If Baer links Oswald to Castro in this fashion, the History Channel is, in my opinion, making a factual and historic mistake.
Baer and Latell are experienced CIA officers but that does not mean that they know the details of the CIA’s role in the JFK story, much less that they care to air it publicly. From a journalistic perspective, Baer is certainly a credible source. I am glad he promises an “independent investigation.” But Baer cannot serve as an independent observer of the CIA. To state the obvious, he has no incentive to investigate the possibility that employees of his former employer connived in JFK’s death, and he has every incentive not to. So he may have an analytical blind spot on the road to Dallas.
Remember too, that if Baer settles for the “Castro done it” conspiracy theory, this is old news. The first JFK conspiracy theory was published by paid CIA propaganda assets in Miami before JFK had even been buried. Fifty five years ago, the agency’s agents promoted the theory that Oswald and Castro were the “presumed assassins.” It is revealing–but not exactly news–if an ex-CIA officer says the same thing publicly in 2017.
[See my piece, “Who Paid for the First JFK Conspiracy Theory?” for the full story.]
The Larger Problem
All of which points to the larger problem with the History Channel series: it seems to ignore the CIA’s intelligence gathering and propaganda operations involving Oswald.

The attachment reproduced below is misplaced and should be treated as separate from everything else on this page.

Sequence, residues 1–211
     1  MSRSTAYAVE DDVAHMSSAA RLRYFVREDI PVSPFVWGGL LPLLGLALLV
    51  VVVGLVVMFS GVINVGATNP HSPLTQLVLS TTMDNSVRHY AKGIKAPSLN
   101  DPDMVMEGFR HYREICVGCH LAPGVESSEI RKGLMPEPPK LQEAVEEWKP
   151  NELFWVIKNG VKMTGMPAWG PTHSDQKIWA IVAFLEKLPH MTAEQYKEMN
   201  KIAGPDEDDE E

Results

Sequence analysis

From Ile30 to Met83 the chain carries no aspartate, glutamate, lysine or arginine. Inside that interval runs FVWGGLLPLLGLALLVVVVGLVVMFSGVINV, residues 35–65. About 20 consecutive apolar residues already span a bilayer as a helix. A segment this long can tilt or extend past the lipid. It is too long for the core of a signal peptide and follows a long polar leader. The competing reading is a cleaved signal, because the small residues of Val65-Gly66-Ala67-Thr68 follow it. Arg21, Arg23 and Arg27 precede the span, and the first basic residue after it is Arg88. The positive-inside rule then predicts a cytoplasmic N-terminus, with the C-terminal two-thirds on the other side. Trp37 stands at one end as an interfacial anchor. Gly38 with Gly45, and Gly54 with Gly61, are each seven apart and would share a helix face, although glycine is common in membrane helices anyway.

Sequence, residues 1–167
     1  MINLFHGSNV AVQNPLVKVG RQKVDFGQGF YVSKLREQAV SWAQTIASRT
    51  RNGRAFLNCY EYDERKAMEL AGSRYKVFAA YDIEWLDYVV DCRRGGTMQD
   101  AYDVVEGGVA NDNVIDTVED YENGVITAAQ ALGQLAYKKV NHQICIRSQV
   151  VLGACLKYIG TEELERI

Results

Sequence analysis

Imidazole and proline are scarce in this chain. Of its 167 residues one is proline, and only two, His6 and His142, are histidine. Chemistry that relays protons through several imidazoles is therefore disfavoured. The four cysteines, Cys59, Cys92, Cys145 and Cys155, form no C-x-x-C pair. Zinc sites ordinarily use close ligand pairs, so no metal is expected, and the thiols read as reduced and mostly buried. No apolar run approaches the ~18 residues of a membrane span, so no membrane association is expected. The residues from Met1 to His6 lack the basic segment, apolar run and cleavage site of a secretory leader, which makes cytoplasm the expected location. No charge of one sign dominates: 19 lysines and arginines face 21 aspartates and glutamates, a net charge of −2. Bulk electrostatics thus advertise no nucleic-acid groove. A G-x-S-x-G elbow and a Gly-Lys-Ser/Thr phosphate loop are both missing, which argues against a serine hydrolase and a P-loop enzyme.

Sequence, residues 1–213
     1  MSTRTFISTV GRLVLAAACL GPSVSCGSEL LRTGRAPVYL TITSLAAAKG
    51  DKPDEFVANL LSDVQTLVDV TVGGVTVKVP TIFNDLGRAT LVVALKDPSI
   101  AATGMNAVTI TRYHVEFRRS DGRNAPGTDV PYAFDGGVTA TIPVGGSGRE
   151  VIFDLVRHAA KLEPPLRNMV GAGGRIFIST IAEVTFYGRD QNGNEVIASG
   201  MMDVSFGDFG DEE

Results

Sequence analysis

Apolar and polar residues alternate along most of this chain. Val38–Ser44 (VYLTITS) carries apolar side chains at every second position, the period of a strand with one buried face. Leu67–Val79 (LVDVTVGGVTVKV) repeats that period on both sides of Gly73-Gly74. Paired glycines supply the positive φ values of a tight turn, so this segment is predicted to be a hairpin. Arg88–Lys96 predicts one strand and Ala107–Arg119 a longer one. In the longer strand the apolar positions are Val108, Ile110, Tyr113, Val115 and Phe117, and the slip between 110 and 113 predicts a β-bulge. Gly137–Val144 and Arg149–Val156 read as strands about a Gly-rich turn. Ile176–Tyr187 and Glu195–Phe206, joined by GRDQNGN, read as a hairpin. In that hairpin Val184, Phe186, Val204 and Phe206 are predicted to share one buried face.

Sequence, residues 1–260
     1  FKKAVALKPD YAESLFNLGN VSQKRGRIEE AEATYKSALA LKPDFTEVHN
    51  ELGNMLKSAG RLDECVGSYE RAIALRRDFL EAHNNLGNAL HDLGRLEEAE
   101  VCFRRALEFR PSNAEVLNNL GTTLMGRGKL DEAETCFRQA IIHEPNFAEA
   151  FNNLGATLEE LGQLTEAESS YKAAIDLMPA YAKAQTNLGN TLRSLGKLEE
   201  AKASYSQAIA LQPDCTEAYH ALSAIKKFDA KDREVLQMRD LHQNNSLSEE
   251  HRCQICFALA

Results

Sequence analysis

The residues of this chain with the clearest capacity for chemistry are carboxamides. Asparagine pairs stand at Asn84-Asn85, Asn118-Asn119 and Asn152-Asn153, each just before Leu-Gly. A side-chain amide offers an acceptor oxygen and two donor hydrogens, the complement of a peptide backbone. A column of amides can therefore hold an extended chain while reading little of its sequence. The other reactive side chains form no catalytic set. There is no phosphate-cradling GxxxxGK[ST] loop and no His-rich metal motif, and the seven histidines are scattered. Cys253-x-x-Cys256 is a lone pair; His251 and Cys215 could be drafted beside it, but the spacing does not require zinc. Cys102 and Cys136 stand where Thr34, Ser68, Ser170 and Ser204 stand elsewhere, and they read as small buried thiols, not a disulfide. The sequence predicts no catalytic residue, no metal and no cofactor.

It is not a theory but a documented fact that Angleton’s Counterintelligence Staff monitored Oswald’s movement, contacts, politics and personal life for a longer period of time than the KGB did. Angleton’s people had access to much more information about Oswald than the Soviet did, especially in 1963.
The story of Oswald and the Soviets is important. There is much to be learned about what federal judge John Tunheim has described as the KGB’s five-foot tall Oswald file. But the story of how Angleton and his Special Investigations tracked and monitored Oswald, may be more important.
The question is whether the History Channel series acknowledges the new facts?
–What will Baer say about the paper trail that shows Angleton’s pre-assassination interest in Oswald?
–I’m curious about what Baer makes of this October 10, 1963 cable (excerpted above), signed by six of Angleton’s colleagues, which deliberately misled the Mexico City station about the “latest HDQs info” on Oswald.
–What can Baer tell us about this September 18, 1963 CIA memo? The Agency had just learned that Oswald was active in the pro-Castro Fair Play for Cuba Committee (FPCC) in New Orleans. The CIA’s anti-Castro operatives then notified the FBI that they were targeting the FPCC for disruption in a foreign country.
Was it coincidence when Angleton was immediately notified about Oswald’s arrival in Mexico City two weeks later?
Putting the Story Together
Some conspiracy theorists may say that the History Channel is promoting a CIA cover story. Not me. If Baer has a different interpretation of November 22, 1963, he has earned the right to have it. I am hopeful his series will at least advance our understanding of the KGB side of the Oswald story, which is important.
But let’s not be naive. The cultural and political forces that are strong enough to still enforce absolute secrecy in 2017 around 3,500-plus JFK assassination records, are strong enough to discourage a media-savvy CIA man and a politically-sensitive cable TV network from delving into aspects of the JFK story that the government has refused to disclose for more than a half-century.
(To be continued).